The Top Five Shows to See in the UK in June

From Rhea Dillon’s reverential found objects at Soft Opening, London, to Douglas Gordon’s rumination on ancestral trauma at Dundee Contemporary Arts

BY frieze in Exhibition Reviews , UK Reviews | 03 JUN 22

Jeff Wall

White Cube Mason’s Yard, London

27 April – 25 June 2022

Jeff Wall
Jeff Wall, Event, 2020, inkjet print, 2.2 × 1.7 m. Courtesy: © the artist and White Cube, London

An eerie green light shines overhead in a hallway where two tuxedoed men seem to argue. One, photographed from behind, stabs three fingers into the chest of the other, who appears unmoved by his aggressor. His hands are held loosely by his side, one thumb perhaps in a pocket. How do they know each other? Is this confrontation out of the blue or a long time coming? There isn’t anything inherently extraordinary about this image, Event (2020), but Jeff Wall’s billboard-scale prints magnify the gravity and emotional charge of the mundane. – Salena Barry 

Jesse Darling 

Camden Arts Centre, London

13 May – 26 June 2022

Jesse Darling
Jesse Darling, ‘Enclosures’, installation view, 2022. Courtesy: the artist, Camden Art Centre and Arcadia Missa, London; photograph: Eva Herzog

Darling’s work refuses the ordering and categorization of the colonial state, showing us that the body is beyond fixity. It bends, transforms and breaks. Though many institutions now demand work on care and resistance, I refuse to engage in clichés about the solace that art can provide in difficult times, or its capacity to be an amorphous means of resistance. As Darling gracefully reminds us at MAO and CAC, like our fragile, mortal impermanent selves, power and its grip on our bodies will inevitably wither and fade. – Iarlaith Ni Fheorais

Douglas Gordon 

Dundee Contemporary Arts

29 May – 07 August 2022

Douglas Gordon
Douglas Gordon, k.364, installation view. Courtesy: the artist, Gagosian, London, and Kamel Mennour Gallery, Paris; photograph: Ruth Clark

In one sense, the presentation of Douglas Gordon’s k.364 (2010) at Dundee Contemporary – its first showing at a UK public institution – marks a homecoming for the influential Scottish artist. This seems appropriate for a film that centres on personal and artistic return: what does it mean to go back? How can the story of such a journey be represented? – Helen Charman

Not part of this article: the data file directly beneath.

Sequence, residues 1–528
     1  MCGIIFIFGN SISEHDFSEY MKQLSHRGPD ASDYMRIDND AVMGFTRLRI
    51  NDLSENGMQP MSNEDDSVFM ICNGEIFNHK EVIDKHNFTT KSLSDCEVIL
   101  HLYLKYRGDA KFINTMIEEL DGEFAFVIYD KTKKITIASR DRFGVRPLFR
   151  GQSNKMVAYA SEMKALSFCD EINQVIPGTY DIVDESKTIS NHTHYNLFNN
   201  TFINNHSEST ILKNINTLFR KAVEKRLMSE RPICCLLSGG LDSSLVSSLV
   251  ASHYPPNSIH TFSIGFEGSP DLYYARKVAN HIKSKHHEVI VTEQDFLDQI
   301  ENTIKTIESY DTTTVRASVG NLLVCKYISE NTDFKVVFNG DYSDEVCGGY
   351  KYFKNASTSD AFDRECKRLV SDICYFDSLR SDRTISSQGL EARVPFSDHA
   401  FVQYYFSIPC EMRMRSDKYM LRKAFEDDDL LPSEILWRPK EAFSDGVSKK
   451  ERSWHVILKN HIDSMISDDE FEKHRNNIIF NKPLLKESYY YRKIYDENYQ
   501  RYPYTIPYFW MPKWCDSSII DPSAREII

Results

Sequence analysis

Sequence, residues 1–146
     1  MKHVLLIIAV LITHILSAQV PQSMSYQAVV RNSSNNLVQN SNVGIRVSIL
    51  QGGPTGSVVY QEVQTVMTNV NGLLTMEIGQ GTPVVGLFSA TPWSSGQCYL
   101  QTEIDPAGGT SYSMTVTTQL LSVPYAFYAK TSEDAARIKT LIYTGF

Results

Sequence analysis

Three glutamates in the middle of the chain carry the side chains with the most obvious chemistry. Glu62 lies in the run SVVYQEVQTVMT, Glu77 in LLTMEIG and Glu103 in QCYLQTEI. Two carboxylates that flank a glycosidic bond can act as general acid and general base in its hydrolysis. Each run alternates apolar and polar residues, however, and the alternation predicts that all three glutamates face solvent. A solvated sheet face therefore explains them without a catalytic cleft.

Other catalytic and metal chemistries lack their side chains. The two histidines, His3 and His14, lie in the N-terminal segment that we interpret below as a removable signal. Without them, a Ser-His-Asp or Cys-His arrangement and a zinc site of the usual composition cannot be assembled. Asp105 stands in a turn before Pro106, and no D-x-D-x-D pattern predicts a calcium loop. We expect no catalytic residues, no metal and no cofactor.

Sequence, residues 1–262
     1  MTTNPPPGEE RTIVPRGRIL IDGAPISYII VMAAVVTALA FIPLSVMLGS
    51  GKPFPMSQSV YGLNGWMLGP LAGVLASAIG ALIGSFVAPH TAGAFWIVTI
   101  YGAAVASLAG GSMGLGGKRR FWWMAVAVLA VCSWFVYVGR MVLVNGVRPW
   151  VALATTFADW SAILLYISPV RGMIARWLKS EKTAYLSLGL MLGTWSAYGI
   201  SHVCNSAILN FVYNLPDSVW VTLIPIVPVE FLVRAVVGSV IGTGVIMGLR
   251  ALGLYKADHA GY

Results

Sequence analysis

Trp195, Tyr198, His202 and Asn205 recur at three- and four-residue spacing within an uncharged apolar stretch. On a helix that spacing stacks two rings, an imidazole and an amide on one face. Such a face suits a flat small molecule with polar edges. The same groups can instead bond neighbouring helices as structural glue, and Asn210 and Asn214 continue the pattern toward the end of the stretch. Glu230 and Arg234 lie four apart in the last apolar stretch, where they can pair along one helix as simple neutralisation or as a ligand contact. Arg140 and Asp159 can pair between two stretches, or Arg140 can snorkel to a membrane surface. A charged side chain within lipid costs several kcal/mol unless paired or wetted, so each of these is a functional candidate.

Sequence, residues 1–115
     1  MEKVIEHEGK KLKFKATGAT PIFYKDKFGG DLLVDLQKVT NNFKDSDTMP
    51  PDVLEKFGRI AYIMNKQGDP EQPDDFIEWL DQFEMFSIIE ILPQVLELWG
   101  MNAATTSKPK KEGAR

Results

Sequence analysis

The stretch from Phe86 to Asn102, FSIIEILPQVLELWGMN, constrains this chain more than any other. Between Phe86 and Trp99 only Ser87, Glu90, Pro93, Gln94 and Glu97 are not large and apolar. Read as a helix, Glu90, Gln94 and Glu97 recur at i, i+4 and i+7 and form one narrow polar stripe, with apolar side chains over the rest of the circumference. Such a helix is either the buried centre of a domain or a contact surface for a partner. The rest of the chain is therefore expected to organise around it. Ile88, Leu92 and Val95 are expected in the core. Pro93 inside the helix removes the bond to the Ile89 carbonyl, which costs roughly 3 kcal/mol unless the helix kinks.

Rhea Dillon 

Soft Opening, London

30 April – 18 June 2022

Rhea Dillon
Rhea Dillon, ‘The Sombre Majesty (or, on being the pronounced dead)’, 2022, exhibition view. Courtesy: © the artist and Soft Opening, London

In ‘The Sombre Majesty (or, on being pronounced dead)’, Rhea Dillon finds multitudes in everyday objects and motifs, creating a new kind of space that invites us to understand it on its own terms. Her work represents an almost visceral confrontation with the racist past – and present – of the United Kingdom. A Caribbean Ossuary (2022), an ornate display cabinet presented on its back, becomes a failed vessel for the transportation of broken glass and a kind of casket, a colonial ghost reanimated by Every Ginnal Is a Star (2022), a nine-point star cut from a plastic shipping barrel. – Sam Moore 

Nicola L. 

Alison Jacques, London

13 May – 23 July 2022

Nicola L.
Nicola L., Flower, 1974. Courtesy: the artist and Alison Jacques, London 

Nicola L.’s ‘Penetrable’ sculptures, initially conceived to be entered or worn by viewers or performers, are creepy, almost kinky, their taut canvas forms like skins, punctuated with spaces for heads, arms, eyes and legs. Adorned with phrases like ‘We want to breathe’ and ‘We don’t want war’, these wearable artworks embody politically charged messages. Some accommodate multiple bodies – as in the 11-headed Same Skin for Everybody (1975) – and the unisex, one-size-fits-all tailoring suggests universality and the hope of interpersonal connection. These themes run throughout the show at Alison Jacques, Nicola L.’s first in the UK, which represents the diversity of her practice through a range of works created between 1969 and 2018. ​​​​​​​Salena Barry 

Main image: Jesse Darling, ‘Enclosures’, installation view, 2022. Courtesy: the artist, Camden Art Centre and Arcadia Missa, London; photograph: Eva Herzog

Contemporary Art and Culture